If you have atopic dermatitis (eczema), you know that extreme weather changes are not your friend when it comes to keeping the skin condition under control. For many, colder temperatures have already descended even though winter has not officially begun. By taking a few precautions and knowing what makes your eczema worse, there is no reason you can’t enjoy winter.

Why is Eczema Worse in the Winter?

Eczema occurs because there is damage to the skin’s barrier. It causes the surface to be sensitive to irritants, allergens, and bacteria. The skin also struggles to retain water, which makes it naturally drier. Eczema can also cause itchy skin that is notably worse at night. Moisturizing regularly helps keep eczema under control. In winter, low humidity, winds, and colder temperatures reduce the amount of moisture in your skin.

Other Factors that Make Eczema Worse

Anything that will dry out your skin can make your eczema worse. In the colder months, hot temps from heaters and fireplaces can aggravate your condition. Even having it too warm in your house can cause a flareup. Hot baths, too many layers of clothes and bedding layers are also triggers. All of these things either contribute to drying out your skin or not letting your skin breath, which can make eczema worse.

Getting Through Winter with Eczema

When you have eczema, creating a routine with regular skincare will help reduce flareups and make winter more manageable. Below are some tips:

  • No Hot Baths– Take a warm bath or shower instead. Add moisturizing products to the bath. Children with eczema should limit baths to 5-10 minutes. Pat yourself dry versus rub.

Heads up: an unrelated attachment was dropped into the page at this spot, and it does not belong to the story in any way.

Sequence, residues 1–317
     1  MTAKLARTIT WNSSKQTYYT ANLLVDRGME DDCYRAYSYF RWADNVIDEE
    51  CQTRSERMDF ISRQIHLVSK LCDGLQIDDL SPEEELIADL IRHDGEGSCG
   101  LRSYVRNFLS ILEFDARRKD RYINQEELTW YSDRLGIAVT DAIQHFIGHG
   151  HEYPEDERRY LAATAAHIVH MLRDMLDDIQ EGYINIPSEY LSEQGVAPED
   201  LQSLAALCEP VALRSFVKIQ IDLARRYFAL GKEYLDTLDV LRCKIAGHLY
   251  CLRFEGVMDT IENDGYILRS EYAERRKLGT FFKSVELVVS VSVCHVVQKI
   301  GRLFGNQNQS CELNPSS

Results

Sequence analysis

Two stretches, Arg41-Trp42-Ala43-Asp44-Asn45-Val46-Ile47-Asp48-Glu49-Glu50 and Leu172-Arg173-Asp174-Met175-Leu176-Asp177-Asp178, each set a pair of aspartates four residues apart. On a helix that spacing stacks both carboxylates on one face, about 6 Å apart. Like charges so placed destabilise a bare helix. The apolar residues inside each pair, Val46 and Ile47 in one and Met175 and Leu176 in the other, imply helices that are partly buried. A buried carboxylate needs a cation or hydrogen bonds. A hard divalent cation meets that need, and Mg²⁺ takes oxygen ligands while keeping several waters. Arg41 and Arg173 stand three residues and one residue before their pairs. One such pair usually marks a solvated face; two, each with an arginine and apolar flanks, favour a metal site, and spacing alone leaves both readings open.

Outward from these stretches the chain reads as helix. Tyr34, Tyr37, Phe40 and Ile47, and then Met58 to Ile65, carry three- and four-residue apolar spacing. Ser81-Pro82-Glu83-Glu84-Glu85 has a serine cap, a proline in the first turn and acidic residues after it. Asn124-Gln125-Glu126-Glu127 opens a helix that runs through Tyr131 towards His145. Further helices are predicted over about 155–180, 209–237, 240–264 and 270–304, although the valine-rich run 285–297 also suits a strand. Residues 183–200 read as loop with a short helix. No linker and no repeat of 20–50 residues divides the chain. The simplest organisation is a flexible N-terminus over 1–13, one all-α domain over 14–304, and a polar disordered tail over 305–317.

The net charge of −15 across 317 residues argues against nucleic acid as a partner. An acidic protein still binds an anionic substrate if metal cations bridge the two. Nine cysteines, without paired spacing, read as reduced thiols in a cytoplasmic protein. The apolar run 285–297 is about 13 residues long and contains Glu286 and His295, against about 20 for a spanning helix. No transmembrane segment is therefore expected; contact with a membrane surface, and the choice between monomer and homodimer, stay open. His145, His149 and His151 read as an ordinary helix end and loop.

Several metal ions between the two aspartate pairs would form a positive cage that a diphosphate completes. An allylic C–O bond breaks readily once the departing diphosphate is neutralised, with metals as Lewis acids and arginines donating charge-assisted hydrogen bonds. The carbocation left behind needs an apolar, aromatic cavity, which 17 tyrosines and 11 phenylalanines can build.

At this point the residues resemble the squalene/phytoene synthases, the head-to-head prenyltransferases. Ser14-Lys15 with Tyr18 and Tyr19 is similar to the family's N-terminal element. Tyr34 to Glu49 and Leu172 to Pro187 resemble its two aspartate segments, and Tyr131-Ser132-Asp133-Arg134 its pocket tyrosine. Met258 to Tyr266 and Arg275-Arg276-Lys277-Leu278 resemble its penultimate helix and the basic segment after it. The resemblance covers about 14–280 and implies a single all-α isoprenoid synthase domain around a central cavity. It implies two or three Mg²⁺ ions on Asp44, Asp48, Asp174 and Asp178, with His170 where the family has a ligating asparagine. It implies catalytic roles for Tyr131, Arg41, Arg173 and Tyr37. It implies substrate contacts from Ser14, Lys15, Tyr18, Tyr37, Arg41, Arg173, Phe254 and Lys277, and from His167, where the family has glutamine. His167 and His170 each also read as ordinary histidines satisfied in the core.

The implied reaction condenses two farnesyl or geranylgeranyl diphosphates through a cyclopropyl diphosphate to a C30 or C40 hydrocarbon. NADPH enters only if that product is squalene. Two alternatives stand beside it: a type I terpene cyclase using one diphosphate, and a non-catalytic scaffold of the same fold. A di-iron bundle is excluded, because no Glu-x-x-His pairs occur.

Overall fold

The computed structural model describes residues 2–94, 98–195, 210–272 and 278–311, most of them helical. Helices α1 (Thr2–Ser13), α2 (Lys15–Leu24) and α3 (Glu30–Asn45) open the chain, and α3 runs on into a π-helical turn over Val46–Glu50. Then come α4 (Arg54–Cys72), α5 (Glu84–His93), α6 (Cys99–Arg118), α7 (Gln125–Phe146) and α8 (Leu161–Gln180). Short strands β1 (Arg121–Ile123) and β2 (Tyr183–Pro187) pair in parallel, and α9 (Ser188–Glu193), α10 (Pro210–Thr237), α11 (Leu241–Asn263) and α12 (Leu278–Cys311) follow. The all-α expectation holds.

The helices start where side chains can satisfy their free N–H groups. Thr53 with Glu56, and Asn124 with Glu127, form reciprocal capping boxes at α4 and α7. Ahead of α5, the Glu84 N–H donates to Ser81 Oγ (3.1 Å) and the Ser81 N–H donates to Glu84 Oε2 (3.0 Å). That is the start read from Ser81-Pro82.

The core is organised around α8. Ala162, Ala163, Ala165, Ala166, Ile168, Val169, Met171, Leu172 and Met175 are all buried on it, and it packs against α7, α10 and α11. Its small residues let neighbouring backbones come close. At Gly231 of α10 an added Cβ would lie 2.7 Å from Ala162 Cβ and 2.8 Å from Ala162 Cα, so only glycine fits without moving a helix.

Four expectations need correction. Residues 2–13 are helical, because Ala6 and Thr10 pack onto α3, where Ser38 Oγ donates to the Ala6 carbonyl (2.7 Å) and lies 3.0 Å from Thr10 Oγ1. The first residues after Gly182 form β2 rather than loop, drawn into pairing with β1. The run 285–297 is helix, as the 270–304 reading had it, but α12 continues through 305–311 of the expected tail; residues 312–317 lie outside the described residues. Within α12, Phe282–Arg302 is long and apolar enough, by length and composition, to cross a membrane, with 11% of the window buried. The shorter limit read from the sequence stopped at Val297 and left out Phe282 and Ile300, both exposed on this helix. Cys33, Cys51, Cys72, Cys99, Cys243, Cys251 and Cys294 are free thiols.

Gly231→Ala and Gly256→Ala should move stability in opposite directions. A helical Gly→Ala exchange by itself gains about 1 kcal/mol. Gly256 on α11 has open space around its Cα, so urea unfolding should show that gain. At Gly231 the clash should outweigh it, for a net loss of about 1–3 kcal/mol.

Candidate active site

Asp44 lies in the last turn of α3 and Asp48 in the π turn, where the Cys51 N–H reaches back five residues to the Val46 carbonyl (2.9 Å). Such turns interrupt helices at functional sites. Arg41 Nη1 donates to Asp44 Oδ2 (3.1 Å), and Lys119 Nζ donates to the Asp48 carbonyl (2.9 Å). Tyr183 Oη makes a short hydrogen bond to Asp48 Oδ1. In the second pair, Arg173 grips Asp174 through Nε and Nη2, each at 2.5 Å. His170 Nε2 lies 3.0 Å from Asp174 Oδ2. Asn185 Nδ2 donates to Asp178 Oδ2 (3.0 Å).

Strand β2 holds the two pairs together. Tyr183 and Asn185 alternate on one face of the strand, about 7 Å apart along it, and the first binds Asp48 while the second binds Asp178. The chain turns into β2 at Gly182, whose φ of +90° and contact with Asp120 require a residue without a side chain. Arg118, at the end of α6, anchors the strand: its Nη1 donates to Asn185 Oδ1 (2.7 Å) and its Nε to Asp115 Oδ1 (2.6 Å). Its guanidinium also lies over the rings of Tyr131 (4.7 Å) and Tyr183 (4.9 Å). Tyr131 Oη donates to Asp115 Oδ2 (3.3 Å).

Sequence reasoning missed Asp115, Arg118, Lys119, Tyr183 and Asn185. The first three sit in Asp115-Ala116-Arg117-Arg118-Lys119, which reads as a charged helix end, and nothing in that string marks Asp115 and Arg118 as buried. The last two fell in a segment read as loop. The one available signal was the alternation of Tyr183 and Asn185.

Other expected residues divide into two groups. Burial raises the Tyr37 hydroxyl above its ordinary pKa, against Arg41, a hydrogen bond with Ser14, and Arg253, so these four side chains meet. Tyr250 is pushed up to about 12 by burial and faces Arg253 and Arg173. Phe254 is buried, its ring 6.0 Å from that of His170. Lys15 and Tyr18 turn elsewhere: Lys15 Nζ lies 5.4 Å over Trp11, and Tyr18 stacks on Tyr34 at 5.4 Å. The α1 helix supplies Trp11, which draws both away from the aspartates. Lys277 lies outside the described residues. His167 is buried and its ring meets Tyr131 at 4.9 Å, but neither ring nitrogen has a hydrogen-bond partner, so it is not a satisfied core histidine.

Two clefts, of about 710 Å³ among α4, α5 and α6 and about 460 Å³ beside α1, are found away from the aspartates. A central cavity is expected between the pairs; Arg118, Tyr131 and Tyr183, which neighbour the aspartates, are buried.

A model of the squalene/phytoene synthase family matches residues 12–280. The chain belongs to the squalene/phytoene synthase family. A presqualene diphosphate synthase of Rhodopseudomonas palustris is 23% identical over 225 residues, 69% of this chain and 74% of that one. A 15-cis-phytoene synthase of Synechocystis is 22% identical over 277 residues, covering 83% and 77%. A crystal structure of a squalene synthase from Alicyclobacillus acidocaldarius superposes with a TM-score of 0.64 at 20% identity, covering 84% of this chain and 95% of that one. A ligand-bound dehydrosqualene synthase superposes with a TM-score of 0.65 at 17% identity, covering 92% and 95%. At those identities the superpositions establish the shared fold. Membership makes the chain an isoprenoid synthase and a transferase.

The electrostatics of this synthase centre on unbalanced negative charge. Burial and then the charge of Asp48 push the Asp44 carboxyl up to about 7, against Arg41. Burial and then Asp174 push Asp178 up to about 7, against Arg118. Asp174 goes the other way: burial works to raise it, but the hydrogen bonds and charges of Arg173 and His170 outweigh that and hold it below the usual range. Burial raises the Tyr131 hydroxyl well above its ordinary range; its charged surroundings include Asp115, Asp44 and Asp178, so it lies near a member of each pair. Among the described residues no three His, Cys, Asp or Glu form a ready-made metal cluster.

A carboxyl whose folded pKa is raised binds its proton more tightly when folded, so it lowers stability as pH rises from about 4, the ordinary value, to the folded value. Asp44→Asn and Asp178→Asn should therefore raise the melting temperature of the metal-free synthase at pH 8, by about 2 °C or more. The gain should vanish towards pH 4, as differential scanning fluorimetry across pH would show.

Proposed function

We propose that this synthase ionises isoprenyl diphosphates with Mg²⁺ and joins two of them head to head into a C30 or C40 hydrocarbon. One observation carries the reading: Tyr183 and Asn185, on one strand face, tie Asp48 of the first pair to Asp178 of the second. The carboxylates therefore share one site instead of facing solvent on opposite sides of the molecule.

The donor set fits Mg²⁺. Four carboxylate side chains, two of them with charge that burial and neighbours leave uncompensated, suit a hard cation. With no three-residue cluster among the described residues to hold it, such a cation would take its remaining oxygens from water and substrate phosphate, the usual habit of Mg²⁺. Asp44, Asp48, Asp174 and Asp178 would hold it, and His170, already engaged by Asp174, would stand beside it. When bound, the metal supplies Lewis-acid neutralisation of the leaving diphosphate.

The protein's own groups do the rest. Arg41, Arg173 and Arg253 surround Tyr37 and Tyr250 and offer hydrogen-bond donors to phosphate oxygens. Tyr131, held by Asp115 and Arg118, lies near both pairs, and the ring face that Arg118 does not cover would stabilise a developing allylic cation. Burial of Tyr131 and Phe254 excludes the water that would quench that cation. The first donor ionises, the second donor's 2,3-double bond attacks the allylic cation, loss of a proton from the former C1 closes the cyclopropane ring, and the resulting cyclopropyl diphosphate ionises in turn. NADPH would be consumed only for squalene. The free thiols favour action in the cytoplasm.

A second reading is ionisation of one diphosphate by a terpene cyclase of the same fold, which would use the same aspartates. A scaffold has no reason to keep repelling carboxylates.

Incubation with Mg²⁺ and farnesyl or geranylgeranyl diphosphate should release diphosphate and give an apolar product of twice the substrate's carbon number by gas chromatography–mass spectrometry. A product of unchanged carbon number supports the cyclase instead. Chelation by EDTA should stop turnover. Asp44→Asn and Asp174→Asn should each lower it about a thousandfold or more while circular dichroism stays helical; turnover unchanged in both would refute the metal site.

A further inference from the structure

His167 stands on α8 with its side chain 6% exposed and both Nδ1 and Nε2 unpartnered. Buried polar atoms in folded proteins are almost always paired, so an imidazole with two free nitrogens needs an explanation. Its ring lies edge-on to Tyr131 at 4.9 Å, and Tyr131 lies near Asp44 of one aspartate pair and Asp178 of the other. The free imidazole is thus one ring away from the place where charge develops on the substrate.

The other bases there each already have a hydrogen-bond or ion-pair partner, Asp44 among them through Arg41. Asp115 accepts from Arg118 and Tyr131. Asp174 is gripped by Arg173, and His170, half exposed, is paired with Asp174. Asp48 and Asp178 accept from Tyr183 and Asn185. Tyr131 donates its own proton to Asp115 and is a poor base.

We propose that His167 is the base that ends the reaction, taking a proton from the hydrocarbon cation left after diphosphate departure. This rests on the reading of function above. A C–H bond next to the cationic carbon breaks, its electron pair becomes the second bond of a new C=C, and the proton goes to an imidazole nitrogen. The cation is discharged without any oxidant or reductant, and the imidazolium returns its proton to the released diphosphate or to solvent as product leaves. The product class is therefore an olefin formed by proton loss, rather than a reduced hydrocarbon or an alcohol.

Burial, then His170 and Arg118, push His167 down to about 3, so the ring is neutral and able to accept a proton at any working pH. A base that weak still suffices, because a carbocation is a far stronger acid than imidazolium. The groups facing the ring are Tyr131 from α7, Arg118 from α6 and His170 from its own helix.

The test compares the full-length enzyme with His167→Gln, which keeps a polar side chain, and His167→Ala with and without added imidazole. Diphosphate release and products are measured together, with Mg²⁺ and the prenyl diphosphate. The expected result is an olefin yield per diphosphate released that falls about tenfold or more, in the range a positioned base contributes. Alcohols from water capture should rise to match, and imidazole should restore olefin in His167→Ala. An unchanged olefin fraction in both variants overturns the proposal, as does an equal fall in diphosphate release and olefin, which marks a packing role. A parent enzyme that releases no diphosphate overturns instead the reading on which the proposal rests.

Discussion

• Gentle Soap– Use moisturizing soaps and bath products that are fragrance, dye, and alcohol-free.
  • Step Up Your Moisturizer Game– For the winter, use a thicker moisturizer. Apply immediately after bathing or showering and throughout the day as needed.
  • Get a Humidifier– A humidifier adds moisturizer back into the air. Make sure to maintain the humidifier to avoid bacteria and fungi growth. Cleaning it every three days is recommended.
  • Drink Plenty of Water– Drinking plenty of water will keep your body hydrated. If your body is hydrated, your skin will be hydrated too.
  • Vitamin D Supplements– Safe doses of the sun have been known to improve eczema symptoms. In the winter, when the sunlight is lower, taking a vitamin D supplement can help improve symptoms.

Treating eczema is not a one-size-fits-all approach. If you have not responded well to current treatment options, clinical trials may be an option. Currently, our site is enrolling participants in clinical trials investigating potential new treatment options for those diagnosed with eczema. To learn more, click here.

References:

https://www.healthline.com/health/skin-disorders/winter-eczema-treatment#take-vitamin-d

https://www.healthline.com/health/atopic-dermatitis/extreme-temperatures#1